I went for a couple of the sour ones first, attracted in particular to Rhubarb Lambic 2010. Though I'm not big into rhubarb generally, I have known it to work really well in beer. This cloudy pale yellow beer doesn't have much by way of rhubarb flavour characteristics, but is more appley, with a pungent cider aroma and apples sitting next to the normal, invigorating, lambic tartness. The texture is very interesting, with a dry bicarbonate of soda style fizz. Not a beer I'd drink lots of, but great as a palate cleanser in small quantities.

Though a variety of fruit lambics were on offer, the other one that really interested me was Spontancranberry as I'm fairly sure I've never had a cranberry beer before. It's not too tart and the hefty 7.7% ABV goes a long way to mute the sourness with alcohol. Instead of sweet fruit, the cranberries impart a pink peppercorn piquancy, finishing a little bit acrid. I think this would be a better beer at a lower strength, but I liked it.

I just had a quick taste of the barrel-aged edition of Mikkeller's smoked chilli porter. Texas Ranger Speyside is much like the original version, not giving much bang for all it promises. There's some dry powdery chocolate, a mere suggestion of chilli, and an unfortunate wet cardboard finish.

Mielcke & Hurtigkarl appears to be a house beer created for a Copenhagen restaurant. A spell in sauternes barrels is the draw here. I can't honestly say I would have guessed that from tasting it, but it is rather nice: broadly in the tripel style with a little extra spice to liven it up. Great with posh nosh, I'm sure.

I was a little underwhelmed by Mikkeller's Monk's Elixir at the 2008 European Beer Festival in Copenhagen. As is the way of these things, the recipe has moved on since and spawned an array of variations. Monk's No Brett is a particularly odd one: dark brown and sour like a Flemish oud bruin, gushing fizz. It's stopped from all-out sourness by a sweet milk chocolate flavour which sounds like it should clash but actually provides a weird sort of balance. But even this seemed normal next to Monk's Trippin' On Cherries. Full-on Rodenbach Grand Cru vinegary intensity follows an enticing sweet and sour nose from a dark dark red beer topped by innocent pink foam. The cherries come through the vinegar quite assertively and the whole experience is intensely weird, but in a nice way. I could have had another but there was one more Mikkeller I couldn't pass up.

Again, a bit like racehorses, it's possible to guess the pedigree of this beer from its name. BooGoop is one of a series of collaborations Mikkeller has done with the Three Floyds brewery of Indiana. This is a 10.4% ABV "buckwheat wine" and starts with huge peach and apricot aromas, following it up with more of the same on tasting. The immensely heavy body was offset by a low serving temperature and it came out really quite refreshing in the end. A great beer on which to leave Mikkeller.

Just one other Danish brewer was at Borefts. Amager had a choice location in the shadow of the windmill. I've always found them to be a little staid in the branding department, though the quality of their beer speaks for itself. However, it looks like they've put a bit of graphic design effort into their series of beers based around the seven deadly sins, two of which (arguably the best two sins) were available at the festival.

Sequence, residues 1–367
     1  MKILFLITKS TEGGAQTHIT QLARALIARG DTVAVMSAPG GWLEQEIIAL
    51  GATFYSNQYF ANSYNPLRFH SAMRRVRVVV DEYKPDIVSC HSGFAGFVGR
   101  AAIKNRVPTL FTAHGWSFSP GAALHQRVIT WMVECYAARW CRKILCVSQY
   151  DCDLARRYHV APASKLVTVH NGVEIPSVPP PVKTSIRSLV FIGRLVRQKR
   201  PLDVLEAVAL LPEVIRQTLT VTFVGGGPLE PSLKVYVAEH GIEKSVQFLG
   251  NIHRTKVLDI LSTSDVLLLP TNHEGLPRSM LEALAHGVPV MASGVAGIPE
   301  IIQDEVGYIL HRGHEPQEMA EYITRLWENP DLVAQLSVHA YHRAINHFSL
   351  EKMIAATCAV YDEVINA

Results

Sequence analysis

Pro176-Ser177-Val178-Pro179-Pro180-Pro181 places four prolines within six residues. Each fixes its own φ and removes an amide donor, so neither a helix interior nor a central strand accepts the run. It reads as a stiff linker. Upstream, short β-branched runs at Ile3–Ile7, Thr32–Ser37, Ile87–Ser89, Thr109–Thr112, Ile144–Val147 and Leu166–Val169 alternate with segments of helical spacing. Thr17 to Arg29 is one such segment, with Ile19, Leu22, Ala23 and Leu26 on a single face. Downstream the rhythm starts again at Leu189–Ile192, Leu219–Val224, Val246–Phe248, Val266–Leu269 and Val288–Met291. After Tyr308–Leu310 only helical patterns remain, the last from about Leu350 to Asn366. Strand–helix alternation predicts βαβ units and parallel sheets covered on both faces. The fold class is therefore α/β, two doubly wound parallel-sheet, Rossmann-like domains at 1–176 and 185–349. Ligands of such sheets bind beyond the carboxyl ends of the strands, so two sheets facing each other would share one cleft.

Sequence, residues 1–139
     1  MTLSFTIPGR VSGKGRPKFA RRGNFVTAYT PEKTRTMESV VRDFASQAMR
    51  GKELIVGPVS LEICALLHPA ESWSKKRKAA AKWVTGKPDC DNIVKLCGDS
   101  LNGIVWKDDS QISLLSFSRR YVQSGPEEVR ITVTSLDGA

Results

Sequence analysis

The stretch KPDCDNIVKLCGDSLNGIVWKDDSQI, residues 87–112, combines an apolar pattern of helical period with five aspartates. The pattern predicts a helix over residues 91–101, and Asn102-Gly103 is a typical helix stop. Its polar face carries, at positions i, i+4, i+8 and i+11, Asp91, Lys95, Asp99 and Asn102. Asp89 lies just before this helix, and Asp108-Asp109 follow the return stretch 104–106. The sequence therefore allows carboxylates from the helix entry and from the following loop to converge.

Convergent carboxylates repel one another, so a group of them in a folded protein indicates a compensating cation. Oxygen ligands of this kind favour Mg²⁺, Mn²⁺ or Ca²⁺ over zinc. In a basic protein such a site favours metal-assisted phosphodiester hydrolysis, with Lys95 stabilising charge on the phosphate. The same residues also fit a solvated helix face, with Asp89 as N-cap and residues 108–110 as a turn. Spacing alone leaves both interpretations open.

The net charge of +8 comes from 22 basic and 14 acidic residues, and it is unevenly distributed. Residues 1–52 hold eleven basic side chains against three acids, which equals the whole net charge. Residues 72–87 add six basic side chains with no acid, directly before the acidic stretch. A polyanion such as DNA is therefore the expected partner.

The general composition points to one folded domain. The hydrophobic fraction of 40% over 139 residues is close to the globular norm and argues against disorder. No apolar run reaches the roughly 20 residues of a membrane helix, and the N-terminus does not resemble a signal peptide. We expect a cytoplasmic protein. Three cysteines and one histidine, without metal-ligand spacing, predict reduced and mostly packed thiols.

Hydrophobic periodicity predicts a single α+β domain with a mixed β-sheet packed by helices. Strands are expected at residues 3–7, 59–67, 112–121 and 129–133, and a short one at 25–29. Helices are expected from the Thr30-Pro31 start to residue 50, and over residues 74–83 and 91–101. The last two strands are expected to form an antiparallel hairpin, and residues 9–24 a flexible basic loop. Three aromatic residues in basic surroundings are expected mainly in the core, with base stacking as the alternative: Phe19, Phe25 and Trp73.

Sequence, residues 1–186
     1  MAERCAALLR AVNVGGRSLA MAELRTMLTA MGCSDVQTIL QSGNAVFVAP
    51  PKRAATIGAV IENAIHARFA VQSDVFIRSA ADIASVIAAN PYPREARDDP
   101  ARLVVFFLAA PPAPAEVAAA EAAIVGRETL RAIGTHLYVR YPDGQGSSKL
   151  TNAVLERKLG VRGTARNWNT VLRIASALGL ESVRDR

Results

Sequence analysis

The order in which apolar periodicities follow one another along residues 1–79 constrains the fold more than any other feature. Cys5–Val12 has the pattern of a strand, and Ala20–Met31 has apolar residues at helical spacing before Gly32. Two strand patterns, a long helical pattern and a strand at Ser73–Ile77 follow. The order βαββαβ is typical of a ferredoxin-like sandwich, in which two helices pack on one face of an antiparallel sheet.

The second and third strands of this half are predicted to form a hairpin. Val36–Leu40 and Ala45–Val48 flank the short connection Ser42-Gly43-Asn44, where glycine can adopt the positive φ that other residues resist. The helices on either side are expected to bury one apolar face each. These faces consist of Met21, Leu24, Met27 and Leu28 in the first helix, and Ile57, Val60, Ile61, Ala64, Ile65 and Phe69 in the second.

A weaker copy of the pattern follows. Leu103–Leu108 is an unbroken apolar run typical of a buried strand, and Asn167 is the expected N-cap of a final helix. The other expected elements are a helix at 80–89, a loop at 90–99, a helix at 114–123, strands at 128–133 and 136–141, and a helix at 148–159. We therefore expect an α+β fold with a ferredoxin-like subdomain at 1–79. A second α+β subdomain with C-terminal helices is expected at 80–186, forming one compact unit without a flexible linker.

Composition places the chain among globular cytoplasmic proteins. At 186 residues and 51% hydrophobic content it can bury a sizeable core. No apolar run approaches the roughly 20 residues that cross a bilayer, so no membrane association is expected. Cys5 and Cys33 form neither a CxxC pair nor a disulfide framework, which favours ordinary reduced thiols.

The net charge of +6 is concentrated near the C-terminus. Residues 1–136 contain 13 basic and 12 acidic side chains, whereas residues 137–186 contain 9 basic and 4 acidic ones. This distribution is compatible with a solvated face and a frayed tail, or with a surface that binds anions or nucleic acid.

Gluttony is an orange-coloured pale ale and very much hop-forward, offering a refreshing bitterness plus lots of fresh and summery hop high notes. Lust wasn't so popular among my drinking buddies but it hit the spot with me. A beautiful conker-red and very sweet, almost worty. Give it a moment, however, and there are hidden depths: a vinous complexity and some lovely tannic notes.

Amager were also serving a couple of different versions of their Hr. Frederiksen imperial stout. The plain one is a heavily textured and massively roasty example of the style, with lots of dry fresh-ground coffee on the nose and palate. Amazingly, Hr. Frederiksen Whisky Barrel edition manages to bury all that with a combination of big boozy scotch and a little touch of unpleasant vinegar. Stick to the original is my recommendation.

That's Denmark done. Where next?

12 October 2011

Kernel knowledge

The Kernel needs very little introduction from me. This London microbrewery has been making big waves since it started out in early 2010. As an ex-homebrewer, Evin makes beers of the sort he actually likes to drink and the results, I've heard, have been spectacular. Big IPAs and old-fashioned porters and stouts seem to be the stock-in-trade. Why waste capacity on lesser beer styles?

The Borefts festival programme promised a broad cross-section of the range but in the event we were a little stiffed on the dark ones. Plenty of IPAs, though. I started with Kernel Citra IPA, what with Citra becoming something of an endangered species at the moment: who knows where the next all-Citra pale ale will come from? It's a punchy little bugger, as you might expect. 7% ABV but you don't get any chance to taste the alcohol. The hops burn right through everything and completely dominate the flavour. At the finish it just shades into cheesiness or freshly-sawn wood, something I associate more with harsher hops like Simcoe. On balance I think I prefer my Citra a little more toned-down. Kernel Galaxy IPA ran on similar lines: assertive palate-sharpening hops and that slight touch of cheese.